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  1. 1. Consumer Policy Framework Productivity Commission Review 2007 Consumer Submission May 2007 Prepared by the Consumers’ Telecommunications Network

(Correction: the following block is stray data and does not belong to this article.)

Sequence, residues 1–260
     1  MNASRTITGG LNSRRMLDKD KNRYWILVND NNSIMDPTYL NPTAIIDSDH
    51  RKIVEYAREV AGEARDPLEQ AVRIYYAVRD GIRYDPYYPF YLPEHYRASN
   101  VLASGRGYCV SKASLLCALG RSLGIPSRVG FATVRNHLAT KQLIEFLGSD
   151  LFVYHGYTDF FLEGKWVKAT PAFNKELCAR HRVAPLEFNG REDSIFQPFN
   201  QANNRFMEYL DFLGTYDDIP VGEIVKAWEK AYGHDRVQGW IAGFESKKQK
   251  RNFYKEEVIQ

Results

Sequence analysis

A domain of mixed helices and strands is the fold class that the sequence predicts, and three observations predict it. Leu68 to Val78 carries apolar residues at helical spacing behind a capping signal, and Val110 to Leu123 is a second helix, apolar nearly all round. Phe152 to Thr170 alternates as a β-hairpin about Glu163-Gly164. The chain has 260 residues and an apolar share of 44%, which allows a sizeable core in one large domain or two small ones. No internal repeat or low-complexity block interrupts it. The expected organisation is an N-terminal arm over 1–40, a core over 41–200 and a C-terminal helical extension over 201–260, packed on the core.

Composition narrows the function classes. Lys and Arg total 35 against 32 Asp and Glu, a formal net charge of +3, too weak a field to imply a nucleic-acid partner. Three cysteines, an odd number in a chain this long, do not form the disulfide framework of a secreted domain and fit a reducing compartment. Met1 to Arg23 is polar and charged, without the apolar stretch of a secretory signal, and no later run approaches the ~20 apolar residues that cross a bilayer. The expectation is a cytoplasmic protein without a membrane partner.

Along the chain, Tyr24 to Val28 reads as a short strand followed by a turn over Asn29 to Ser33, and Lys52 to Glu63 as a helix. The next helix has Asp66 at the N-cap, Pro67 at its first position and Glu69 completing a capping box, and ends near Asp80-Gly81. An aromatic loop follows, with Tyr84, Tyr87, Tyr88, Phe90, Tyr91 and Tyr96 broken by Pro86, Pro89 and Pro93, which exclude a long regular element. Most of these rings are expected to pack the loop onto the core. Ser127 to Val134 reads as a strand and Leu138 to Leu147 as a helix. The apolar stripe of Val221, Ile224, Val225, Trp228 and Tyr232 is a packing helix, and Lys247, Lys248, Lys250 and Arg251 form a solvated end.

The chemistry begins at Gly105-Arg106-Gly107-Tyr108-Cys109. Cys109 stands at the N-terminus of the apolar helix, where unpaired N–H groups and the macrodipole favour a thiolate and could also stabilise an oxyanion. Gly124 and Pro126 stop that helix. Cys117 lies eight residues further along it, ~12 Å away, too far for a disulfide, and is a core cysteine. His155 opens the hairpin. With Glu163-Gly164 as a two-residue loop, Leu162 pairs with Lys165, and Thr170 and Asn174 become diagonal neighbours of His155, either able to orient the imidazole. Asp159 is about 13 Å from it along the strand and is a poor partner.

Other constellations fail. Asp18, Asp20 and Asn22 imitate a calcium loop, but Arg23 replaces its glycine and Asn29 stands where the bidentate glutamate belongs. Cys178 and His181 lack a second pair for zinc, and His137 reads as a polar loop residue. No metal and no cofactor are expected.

2. 2. Acknowledgements The Consumers’ Telecommunications Network (CTN) would like to thank all those who contributed to the finalization of this submission. CTN’s representation of residential and other consumers’ interests in relation to telecommunications issues is supported by the Commonwealth through the ‘Grants to fund Telecommunications Consumer Representations’ program of the Department of Communications, Information Technology and the Arts. Sarah Wilson, CTN’s Policy Advisor, was primary author of this Submission, and was assisted by Teresa Corbin, CTN’s Chief Executive Officer. CTN staff members Lisbeth Duke, Annie McCall and Ryan Sengara also contributed to this Submission. CTN would like to acknowledge the contributions made by the CTN Board members: Robin Wilkinson (Tasmanians with Disabilities), Jack Crosby, Shameema Kolia (Ethnic Communities Council of WA), Nan Bosler (Australian Seniors Computer Clubs Association), Len Bytheway, Stephen Gleeson (Community Information Strategies Australia Inc.), Ross Kelso (Internet Society of Australia), Maureen Le Blanc (Australian Council of Social Services), Darrell McCarthy (Better Hearing Australia) and Holly Raiche. CTN would also like to acknowledge the time volunteered by CTN members, consumer advocates, consumer groups and organisations for their contributions and commenting on various drafts of this Submission. Enquiries: (02) 9572 6007 ctn@ctn.org.au Unit 2, 524-532 Parramatta Road Petersham, NSW 2049 -2- Consumers’ Telecommunications Network Consumer Submission for Consumer Policy Framework Review – May 2007